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Lakeville North's J P Macura collected a pass and made his way to the basket as he and his teammates ran through drills during practice in Lakeville, Min., Friday, November 15, 2013 ] (KYNDELL HARKNESS/STAR TRIBUNE) kyndell.harkness@startribune.com

 

There are a lot of ways to score two points — a layup, a midrange jumper, a pair of free throws.

Members of the Lakeville North boys’ basketball team have had a full offseason to contemplate how they fell just that short of reaching the Class 4A state semifinals last spring after a 74-72 loss to Park Center at Target Center.

Junior forward Connor Flack calls the agonizing loss as a “growing experience. To guard J.P. Macura, it’s a motivating factor heading into his senior season, a year in which the Panthers envision a different outcome.

“The plan is to win each game we play, win our league, win our section, win state,” Macura said. “It’s not really a goal as much of a mind-set. That’s the way we want to approach it. We have to understand all the little things that we have to do right to win each game.”

The Panthers will try to execute this plan in a South Suburban Conference that boasts the defending state champion, Apple Valley, and Tyus Jones, its high-profile, Duke-bound point guard.

“Everyone is going to be looking at Apple Valley, and rightly so,” North coach John Oxton said. “But, if we grow as a team and play the way we feel we’re capable of, I feel good about our chances against anyone in the state.”

Building something

Oxton has coached the Lakeville boys’ team since 1990, long before it split into two high schools. In the past several years, he has built the Panthers into one of the state’s perennial powers.

The Panthers fell two points short of a state title in 2012, finishing the season 30-2. After switching to Section 1 last season — a playoff bracket that does not include many of the South Suburban’s top programs — North made it back to state again.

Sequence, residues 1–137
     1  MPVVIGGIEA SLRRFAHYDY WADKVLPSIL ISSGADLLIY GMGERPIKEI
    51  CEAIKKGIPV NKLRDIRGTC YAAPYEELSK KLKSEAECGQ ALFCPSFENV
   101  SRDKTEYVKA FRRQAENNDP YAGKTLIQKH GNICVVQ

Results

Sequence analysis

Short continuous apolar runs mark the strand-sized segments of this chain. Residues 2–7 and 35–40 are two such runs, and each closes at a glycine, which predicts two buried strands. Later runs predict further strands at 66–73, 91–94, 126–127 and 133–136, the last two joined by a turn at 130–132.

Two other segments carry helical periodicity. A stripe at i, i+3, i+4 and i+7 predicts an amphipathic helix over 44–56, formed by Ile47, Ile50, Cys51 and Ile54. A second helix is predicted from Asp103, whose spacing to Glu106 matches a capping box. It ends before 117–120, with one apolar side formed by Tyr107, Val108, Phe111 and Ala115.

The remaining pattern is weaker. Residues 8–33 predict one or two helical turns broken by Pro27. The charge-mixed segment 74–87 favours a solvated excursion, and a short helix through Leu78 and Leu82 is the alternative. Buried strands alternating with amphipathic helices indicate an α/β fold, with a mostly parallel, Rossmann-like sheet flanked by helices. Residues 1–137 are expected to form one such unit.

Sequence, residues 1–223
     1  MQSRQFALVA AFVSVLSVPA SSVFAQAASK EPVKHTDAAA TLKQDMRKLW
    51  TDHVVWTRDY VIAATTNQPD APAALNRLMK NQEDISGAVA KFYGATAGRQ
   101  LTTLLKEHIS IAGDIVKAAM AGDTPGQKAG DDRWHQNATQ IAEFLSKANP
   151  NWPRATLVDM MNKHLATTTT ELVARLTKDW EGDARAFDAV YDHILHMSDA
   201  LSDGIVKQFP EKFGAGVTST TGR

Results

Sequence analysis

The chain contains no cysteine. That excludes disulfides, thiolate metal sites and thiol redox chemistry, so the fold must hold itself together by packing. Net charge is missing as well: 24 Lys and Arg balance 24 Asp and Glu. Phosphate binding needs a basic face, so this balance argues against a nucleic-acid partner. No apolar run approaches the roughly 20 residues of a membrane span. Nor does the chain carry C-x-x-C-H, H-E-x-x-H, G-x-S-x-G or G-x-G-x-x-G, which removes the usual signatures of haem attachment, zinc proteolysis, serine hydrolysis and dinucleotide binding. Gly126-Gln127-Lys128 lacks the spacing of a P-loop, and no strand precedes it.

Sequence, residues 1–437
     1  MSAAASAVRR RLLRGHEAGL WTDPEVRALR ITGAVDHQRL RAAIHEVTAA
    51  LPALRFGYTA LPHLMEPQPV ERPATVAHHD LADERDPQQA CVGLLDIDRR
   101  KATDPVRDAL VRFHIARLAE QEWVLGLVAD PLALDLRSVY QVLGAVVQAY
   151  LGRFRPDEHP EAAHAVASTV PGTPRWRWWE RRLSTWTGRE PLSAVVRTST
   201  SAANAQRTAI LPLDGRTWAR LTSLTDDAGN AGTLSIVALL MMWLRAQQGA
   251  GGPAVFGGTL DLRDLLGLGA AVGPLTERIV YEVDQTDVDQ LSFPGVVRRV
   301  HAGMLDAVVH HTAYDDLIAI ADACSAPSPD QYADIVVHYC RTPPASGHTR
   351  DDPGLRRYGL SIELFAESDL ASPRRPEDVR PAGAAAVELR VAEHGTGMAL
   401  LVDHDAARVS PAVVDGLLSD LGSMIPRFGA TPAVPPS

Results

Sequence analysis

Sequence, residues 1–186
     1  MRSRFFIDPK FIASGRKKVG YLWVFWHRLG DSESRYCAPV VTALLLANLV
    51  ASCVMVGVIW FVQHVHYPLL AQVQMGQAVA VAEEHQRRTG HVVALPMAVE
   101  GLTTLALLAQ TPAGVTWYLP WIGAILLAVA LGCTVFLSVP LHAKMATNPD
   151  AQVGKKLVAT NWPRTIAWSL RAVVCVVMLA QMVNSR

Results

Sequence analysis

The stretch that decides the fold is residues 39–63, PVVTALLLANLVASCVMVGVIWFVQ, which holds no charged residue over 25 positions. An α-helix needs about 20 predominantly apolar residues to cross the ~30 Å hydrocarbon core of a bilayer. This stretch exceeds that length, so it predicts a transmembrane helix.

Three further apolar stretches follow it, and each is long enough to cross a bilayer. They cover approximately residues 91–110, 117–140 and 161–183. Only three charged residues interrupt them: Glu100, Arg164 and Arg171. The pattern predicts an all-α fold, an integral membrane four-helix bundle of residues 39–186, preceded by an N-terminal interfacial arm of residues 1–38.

Oxton feels his team is poised for a big year.

“We lost a couple very good guards, who will be tough to replace,” he said. “But we’re long and lean and a very athletic team. It might take some time for us to grow together and figure out our roles. Once we do, we should be a very balanced squad.”

The Panthers might lack a true big man, Oxton said, but their lineup will consist almost entirely of players between 6-2 and 6-5. Seniors Bronson Bruneau (6-5), Reed Ziehr (6-3) and Nick Oblak (6-3) will play large roles. Macura and Flack (6-4) will be relied on heavily for leadership and scoring.

“I think we’re going to be a team that can really stretch the floor and get up and down the court,” Flack said. “And we should be good defensively.”

Handling the ball

The biggest challenge for the Panthers early on, Oxton said, will be bringing the ball up the court. The team doesn’t have a returning starter at point guard. Oxton said 6-1 sophomore Drew Stewart most likely will get the ball to start the season.

Macura also will play some at the point. A natural scorer, Macura averaged 25.6 points during the regular season as a junior. He said making a transition to more of a ball-handling role shouldn’t be too tricky.

“The biggest thing is just making sure we get the ball up the court and can make the right decisions,” he said. “If that’s me bringing it up or Drew, it doesn’t really matter. We just have to get into our offense and do what we can do.”

Each possession, each shot, each game—Macura just wants his team to take it one step at a time. The final goals are set, the season’s expectations are all understood. Players understand the margin for error.

“Two points was really hard to swallow last year,” Macura said, “but I feel like we’ll be better because of it.”

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